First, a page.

3

I am trying to access variable in ruby after initialize, but i didn't get that variable , anything wrong in that?

class Test
  def initialize(params)
    @has_test = params[:has_test]
    @limit_test = params[:limit_test]
  end
  def self.method1(params)
   Test.new(params)
     #can i get that two instance variable
  end
end
  • @lurker while technically @@ is the correct syntax most of the time as it seems in this case class instance variables would be used in place of class variables although I agree it seems he is just mistaking self and would like access to the instance variables for the instance itself. – engineersmnky Jun 1 '15 at 17:49
  • @engineersmnky yes, I agree. I didn't catch that until after my comment. – lurker Jun 1 '15 at 17:51
  • Ruby uses # for comments, not //. – Nic Hartley Jun 1 '15 at 19:03
2

You should probably set up attribute accessors, then use them this way:

class Test
  attr_accessor :has_test
  attr_accessor :limit_test

  def initialize(params)
    @has_test = params[:has_test]
    @limit_test = params[:limit_test]
  end
  def self.method1(params)
    t = Test.new(params)
    // can i get that two instance variable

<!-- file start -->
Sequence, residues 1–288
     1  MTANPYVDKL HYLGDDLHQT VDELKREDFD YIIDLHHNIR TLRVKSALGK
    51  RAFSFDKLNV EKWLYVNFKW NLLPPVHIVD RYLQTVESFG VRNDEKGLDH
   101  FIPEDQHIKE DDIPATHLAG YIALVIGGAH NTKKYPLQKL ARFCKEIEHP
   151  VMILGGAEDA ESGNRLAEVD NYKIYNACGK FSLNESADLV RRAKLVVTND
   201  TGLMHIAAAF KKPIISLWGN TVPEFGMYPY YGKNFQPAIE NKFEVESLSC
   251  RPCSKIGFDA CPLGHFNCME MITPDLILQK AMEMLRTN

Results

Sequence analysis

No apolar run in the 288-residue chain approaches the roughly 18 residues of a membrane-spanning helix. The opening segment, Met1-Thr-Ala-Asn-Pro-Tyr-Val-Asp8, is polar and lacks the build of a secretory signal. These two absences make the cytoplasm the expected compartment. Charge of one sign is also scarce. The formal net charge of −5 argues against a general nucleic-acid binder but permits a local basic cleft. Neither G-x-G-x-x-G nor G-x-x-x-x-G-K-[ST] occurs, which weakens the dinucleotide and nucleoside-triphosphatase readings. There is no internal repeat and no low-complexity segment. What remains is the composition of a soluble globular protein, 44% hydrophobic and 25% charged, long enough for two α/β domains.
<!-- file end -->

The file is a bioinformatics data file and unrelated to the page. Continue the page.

// Yes:
    //   use t.has_test and t.limit_test
  end
end
  • 1
    Why did you decide to change @has_test= to self.has_test =? the only reason I can see for doing this is in the event that the setter performs additional operations beyond setting the instance variable. Otherwise this makes an addition method call that is unnecessary. – engineersmnky Jun 1 '15 at 17:54
  • @engineersmnky out of whim I suppose. I changed it back. – lurker Jun 1 '15 at 17:55
  • Thanks for the information... – django Jun 1 '15 at 18:55
1

You are mixing an instance and a class method in your example. If this is really what you want, then you have to define an accessor with attr_reader:

class Test
  def initialize(params)
    @has_test = params[:has_test]
    @limit_test = params[:limit_test]
  end
  attr_reader :has_test
  attr_reader :limit_test
  def self.method1(params)
   obj = Test.new(params)
   p obj.has_test
   p  obj.limit_test
  end
end

Test.method1(has_test: 1, limit_test: 3)

It the instance/class-method is a mistake, then this example may help you:

class Test
  def initialize(params)
    @has_test = params[:has_test]
    @limit_test = params[:limit_test]
  end
  def method1()
   p @has_test
   p @limit_test
  end
end

obj = Test.new(has_test: 1, limit_test: 3)
obj.method1

If you define also the accessors like in the first code, then you have again access from outside the class.


Just in case you don't want a reader, see also Access instance variable from outside the class

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